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Mark H. Anbinder No comments

Apple Ships a Multi-Button Mouse

The conventional wisdom has been that Apple founder and CEO Steve Jobs would never allow the company to ship a multi-button mouse; such an animal would compromise the legendary simplicity and ease of use that were Apple’s hallmarks. Power users griped and, tired of Control-clicking instead of right-clicking to bring up contextual menus, or, desperate for a scroll wheel, looked for third-party pointing devices.

No more: last week Apple announced the immediate availability of the $50 Mighty Mouse, a programmable multi-function, multi-button mouse for Mac OS X, Windows 2000, or Windows XP. Mighty Mouse (yes, Apple was careful to license the name of the cartoon hero) is visually simple, a white corded mouse that looks just like the Apple Pro Mouse except for a tiny, spherical, scroll ball where the average mouse’s scroll wheel might be.


The scroll ball rotates in any direction, rather than just up and down, enabling free-form scrolling that Apple says better suits "applications from viewing Web pages and photographs, to video editing and music creation." This any-direction scrolling is similar to that capability of the new scrolling trackpads featured in recent PowerBook and iBook models. The scroll ball is also clickable, as are most scroll wheels.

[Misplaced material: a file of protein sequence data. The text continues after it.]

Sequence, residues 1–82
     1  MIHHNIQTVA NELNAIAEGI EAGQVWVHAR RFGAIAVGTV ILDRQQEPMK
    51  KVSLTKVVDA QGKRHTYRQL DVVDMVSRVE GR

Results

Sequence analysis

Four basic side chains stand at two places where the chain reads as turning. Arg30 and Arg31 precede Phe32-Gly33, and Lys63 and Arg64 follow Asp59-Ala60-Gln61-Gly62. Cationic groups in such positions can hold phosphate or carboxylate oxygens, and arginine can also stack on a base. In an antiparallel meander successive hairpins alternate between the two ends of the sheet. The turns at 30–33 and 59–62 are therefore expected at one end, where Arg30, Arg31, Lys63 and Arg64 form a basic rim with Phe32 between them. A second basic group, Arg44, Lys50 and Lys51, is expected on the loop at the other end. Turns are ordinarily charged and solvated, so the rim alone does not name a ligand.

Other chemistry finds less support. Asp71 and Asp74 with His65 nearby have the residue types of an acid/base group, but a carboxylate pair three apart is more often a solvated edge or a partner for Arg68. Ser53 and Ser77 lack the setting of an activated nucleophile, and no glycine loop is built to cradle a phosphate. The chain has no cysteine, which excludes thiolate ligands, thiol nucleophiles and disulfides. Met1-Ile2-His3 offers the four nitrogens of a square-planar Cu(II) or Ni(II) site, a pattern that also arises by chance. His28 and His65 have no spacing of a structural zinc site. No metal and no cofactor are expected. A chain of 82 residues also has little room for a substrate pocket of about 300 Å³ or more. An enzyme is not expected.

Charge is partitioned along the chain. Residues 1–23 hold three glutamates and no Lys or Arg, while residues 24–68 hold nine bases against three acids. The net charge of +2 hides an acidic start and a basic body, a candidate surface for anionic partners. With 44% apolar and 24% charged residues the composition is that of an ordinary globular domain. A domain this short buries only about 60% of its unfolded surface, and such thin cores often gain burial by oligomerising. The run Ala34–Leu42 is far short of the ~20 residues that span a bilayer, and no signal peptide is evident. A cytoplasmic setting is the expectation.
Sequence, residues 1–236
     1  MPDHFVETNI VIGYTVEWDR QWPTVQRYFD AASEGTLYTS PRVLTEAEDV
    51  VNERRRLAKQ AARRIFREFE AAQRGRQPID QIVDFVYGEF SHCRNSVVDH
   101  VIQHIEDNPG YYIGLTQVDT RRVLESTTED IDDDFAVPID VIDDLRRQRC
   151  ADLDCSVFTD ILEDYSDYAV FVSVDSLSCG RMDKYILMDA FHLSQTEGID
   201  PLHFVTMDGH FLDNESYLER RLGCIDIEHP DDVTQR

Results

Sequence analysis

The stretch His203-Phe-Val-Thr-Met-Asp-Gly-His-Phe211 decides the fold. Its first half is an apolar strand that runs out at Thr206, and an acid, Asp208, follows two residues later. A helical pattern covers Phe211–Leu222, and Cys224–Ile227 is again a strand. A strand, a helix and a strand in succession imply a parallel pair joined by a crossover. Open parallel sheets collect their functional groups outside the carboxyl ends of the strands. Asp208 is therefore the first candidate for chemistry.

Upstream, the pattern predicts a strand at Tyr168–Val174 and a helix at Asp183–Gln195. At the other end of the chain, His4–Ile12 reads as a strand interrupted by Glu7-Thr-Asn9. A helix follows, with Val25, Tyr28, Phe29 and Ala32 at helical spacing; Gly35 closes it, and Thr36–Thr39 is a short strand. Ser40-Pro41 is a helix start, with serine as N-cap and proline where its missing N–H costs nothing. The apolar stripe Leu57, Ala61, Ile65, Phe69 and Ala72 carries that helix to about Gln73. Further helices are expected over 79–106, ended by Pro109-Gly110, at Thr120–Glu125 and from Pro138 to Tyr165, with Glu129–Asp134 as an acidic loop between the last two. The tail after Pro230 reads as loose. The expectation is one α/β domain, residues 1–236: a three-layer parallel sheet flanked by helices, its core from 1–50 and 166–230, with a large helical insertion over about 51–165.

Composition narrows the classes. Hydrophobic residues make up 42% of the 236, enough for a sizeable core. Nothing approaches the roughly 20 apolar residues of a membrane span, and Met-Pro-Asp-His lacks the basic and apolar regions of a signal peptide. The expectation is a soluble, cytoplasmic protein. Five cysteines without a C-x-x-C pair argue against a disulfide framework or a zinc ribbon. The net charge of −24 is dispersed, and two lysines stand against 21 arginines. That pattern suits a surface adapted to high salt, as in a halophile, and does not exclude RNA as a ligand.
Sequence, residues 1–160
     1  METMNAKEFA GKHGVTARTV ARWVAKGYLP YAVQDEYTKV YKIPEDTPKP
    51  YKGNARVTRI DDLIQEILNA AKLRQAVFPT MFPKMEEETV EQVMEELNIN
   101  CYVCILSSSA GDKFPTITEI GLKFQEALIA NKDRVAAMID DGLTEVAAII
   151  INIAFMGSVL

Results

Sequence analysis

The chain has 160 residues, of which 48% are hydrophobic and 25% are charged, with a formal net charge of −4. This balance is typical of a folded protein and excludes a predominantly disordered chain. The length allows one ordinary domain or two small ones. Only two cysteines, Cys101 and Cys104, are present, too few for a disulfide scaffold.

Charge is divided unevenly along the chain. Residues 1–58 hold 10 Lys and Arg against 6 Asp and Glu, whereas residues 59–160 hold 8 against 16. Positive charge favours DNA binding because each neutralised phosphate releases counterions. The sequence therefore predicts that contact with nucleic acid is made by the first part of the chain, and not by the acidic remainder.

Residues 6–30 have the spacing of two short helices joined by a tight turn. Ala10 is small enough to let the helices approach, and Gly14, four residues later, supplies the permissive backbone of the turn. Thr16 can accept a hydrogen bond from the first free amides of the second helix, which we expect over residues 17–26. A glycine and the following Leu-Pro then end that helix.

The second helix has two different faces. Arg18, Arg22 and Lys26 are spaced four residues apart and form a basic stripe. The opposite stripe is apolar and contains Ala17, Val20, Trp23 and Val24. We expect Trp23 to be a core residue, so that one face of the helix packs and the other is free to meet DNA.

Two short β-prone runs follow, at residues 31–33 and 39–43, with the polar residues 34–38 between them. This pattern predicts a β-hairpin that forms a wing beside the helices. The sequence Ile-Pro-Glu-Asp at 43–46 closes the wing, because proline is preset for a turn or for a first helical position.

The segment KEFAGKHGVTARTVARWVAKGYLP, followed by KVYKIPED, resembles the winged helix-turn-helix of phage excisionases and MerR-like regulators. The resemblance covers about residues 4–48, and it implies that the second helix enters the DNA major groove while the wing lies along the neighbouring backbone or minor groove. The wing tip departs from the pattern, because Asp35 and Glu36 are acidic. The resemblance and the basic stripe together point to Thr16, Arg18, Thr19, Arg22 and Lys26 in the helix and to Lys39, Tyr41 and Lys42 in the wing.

What keeps the Mighty Mouse’s design pure and simple is the new touch-sensitive upper shell. Rather than separate hard-wired left and right buttons, the Mighty Mouse features a programmable touch area that can be one or two buttons – just one for purists who never need to right-click (and single-button mode is the default), or two for right-clickers or those who would like a right-click to perform some other action.

Side buttons, positioned where users of the Apple Pro Mouse have gotten used to gripping in order to lift and reposition their mouse, can be programmed together or separately, either for clicks or, for example, to activate Expose or Dashboard.